Official -- Black Friday Hindered Retail, But Gave Bars A Festive Tonic

It was always pretty obvious to anyone. Introduce Black Friday, America's equivalent of Boxing Day sales, to the UK and people would spend more in November and then consider Christmas "done." It gave an opportunity for retail bosses to queue up to say November had been great and that December would be better still. Of course, it wasn't. 

November was a good month, with spend up just 2% year-on-year for the very simple reason that Black Friday and following Cyber Monday encouraged people to get their shopping done early. The last couple of years were full of stories of couriers hitting trouble and not delivering in time for Christmas, and so the offer of getting the festive spending done a month before the big day made sense. People bought in the sales and had a month's wiggle room if deliveries were late or good needed to be returned.

Only the most overly optimistic retailer could possibly have thought people would suddenly remember a bunch of relatives they hadn't bought anything for, prompting a visit to the shops to spend the money saved during Black Friday on new presents. 

Nevertheless, according to Visa, spending was up 1% overall in December, year-on-year. The trouble for retailers was that the traditional sectors of jewelry, fashion and gifts were all down around 2%. The reason that December turned out to be a month of growth, then, wasn't because we bought additional gifts that were not snapped up in November's sales. No, it was down to what the Brits do best. A few extra drinks and a meal or two out with friends, family and work colleagues.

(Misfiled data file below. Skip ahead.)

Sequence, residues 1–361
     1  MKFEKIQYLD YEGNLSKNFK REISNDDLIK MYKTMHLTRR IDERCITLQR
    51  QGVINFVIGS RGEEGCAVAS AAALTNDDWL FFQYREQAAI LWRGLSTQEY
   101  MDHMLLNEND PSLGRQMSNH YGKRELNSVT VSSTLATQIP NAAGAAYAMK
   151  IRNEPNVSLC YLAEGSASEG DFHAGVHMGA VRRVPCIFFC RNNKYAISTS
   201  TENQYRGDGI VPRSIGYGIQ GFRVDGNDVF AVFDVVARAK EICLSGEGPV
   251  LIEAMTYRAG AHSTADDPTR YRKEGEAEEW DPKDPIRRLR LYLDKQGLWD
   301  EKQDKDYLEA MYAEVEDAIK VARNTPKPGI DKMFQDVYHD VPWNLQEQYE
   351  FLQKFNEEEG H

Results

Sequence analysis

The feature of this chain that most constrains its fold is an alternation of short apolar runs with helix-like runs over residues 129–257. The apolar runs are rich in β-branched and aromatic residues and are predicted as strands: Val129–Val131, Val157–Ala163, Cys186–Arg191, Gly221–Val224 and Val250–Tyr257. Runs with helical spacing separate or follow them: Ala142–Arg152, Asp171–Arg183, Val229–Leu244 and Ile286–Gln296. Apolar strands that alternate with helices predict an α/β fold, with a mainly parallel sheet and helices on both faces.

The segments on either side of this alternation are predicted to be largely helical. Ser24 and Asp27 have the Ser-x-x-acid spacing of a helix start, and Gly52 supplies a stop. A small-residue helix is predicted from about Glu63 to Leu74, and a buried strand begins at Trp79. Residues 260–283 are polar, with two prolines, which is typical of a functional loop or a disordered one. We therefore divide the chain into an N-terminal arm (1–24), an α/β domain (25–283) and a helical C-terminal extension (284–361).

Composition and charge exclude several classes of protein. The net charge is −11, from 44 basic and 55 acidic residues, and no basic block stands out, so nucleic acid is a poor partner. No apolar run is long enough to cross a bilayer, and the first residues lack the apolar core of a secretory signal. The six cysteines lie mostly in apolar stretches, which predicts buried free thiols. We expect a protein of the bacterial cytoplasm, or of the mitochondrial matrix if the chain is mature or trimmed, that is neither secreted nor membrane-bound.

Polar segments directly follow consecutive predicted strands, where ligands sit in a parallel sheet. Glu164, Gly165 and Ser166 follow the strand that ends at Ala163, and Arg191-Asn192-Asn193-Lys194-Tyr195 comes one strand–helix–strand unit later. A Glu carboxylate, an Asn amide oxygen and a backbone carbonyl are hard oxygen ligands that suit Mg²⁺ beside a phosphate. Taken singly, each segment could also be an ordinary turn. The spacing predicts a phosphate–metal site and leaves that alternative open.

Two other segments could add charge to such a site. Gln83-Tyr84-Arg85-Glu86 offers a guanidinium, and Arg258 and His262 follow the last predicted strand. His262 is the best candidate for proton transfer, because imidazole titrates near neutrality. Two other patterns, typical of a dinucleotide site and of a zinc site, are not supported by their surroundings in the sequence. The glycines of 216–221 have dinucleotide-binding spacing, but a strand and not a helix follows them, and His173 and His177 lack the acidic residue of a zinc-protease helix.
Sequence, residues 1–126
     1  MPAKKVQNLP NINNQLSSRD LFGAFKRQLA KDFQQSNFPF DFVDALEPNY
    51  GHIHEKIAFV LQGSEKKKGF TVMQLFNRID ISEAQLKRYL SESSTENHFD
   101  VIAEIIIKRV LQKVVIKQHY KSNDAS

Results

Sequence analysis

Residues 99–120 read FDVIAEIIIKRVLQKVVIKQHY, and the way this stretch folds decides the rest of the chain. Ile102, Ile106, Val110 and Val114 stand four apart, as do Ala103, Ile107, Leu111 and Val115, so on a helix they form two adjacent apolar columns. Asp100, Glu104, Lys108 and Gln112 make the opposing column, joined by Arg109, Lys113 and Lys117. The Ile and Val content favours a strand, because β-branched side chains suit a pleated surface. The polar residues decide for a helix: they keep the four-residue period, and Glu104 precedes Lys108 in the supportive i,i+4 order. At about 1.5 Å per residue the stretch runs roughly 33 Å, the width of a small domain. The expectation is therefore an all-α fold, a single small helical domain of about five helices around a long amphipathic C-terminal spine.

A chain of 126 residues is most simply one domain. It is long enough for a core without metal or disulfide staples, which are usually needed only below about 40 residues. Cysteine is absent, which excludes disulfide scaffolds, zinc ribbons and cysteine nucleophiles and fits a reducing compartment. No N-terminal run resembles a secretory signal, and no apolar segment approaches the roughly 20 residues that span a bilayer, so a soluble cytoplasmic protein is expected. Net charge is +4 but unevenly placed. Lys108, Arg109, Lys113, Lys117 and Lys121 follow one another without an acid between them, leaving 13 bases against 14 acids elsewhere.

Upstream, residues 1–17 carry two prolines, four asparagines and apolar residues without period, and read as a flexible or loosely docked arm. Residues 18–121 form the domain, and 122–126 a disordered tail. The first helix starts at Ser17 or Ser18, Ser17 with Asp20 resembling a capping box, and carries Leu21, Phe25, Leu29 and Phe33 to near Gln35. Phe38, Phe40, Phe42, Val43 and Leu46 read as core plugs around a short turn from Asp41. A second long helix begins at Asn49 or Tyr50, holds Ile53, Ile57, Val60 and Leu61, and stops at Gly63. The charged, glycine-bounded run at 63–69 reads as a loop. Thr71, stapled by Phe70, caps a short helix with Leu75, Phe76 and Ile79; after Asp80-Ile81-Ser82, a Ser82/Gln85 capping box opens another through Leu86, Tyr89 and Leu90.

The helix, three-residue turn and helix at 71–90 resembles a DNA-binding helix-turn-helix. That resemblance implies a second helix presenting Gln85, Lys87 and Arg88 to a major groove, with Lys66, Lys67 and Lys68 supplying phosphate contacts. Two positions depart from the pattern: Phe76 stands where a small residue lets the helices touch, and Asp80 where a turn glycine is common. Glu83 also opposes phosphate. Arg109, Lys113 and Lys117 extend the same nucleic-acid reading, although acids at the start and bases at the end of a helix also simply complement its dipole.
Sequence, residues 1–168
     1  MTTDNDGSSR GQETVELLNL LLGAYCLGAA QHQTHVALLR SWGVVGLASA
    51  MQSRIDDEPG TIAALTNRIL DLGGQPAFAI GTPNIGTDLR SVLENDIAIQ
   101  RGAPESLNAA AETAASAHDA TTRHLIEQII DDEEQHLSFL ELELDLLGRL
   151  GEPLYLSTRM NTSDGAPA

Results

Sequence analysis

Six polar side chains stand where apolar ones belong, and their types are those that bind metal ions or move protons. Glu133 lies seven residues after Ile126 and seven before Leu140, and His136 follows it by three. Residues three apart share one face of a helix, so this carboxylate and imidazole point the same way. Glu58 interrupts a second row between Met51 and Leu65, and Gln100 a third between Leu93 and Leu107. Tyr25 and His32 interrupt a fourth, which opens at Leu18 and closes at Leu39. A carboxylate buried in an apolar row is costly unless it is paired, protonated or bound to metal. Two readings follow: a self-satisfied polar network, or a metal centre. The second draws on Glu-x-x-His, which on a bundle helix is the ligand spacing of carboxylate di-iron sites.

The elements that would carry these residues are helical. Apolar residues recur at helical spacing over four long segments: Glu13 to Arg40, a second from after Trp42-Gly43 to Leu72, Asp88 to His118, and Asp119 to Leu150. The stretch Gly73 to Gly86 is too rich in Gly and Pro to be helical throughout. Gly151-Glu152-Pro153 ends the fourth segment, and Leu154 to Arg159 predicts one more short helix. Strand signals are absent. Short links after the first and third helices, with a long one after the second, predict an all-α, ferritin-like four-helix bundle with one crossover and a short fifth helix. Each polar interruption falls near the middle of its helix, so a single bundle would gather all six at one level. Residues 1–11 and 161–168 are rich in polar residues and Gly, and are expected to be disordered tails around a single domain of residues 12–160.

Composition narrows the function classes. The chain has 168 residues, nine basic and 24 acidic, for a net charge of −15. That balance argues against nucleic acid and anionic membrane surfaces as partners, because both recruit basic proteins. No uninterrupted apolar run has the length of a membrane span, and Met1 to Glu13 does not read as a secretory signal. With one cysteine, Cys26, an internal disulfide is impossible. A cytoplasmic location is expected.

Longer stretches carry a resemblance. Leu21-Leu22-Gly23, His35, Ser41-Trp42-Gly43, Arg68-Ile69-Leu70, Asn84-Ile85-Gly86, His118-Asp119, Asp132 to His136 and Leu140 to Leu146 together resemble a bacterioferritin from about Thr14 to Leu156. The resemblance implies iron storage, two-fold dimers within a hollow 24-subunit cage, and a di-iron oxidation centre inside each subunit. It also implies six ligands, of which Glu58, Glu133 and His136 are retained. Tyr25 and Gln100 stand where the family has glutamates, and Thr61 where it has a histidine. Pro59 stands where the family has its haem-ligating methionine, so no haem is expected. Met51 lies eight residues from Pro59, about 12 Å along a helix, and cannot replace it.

So if you run a chain or pubs or restaurants, or even a combination of the two, Black Friday did you a huge favour. People had Christmas covered, and given that things are generally looking economically, people knew what was left in their bank account was theirs. 

So Black Friday was not a huge success, all things considered. Retailer's Web sites crashed or left people cursing as they waited impatiently in queues to get to the online merchandise. As for in-store, the average Briton will now forever associate Black Friday with people fighting over cut-priced televisions. Americans may have seen this before, but for us, this was new and disturbing.

John Lewis' Managing Director, Andy Street, forewarned that Black Friday would not be good for British retail, and he is a leading voice cautioning against shops relying on the day this year to boost sales. 

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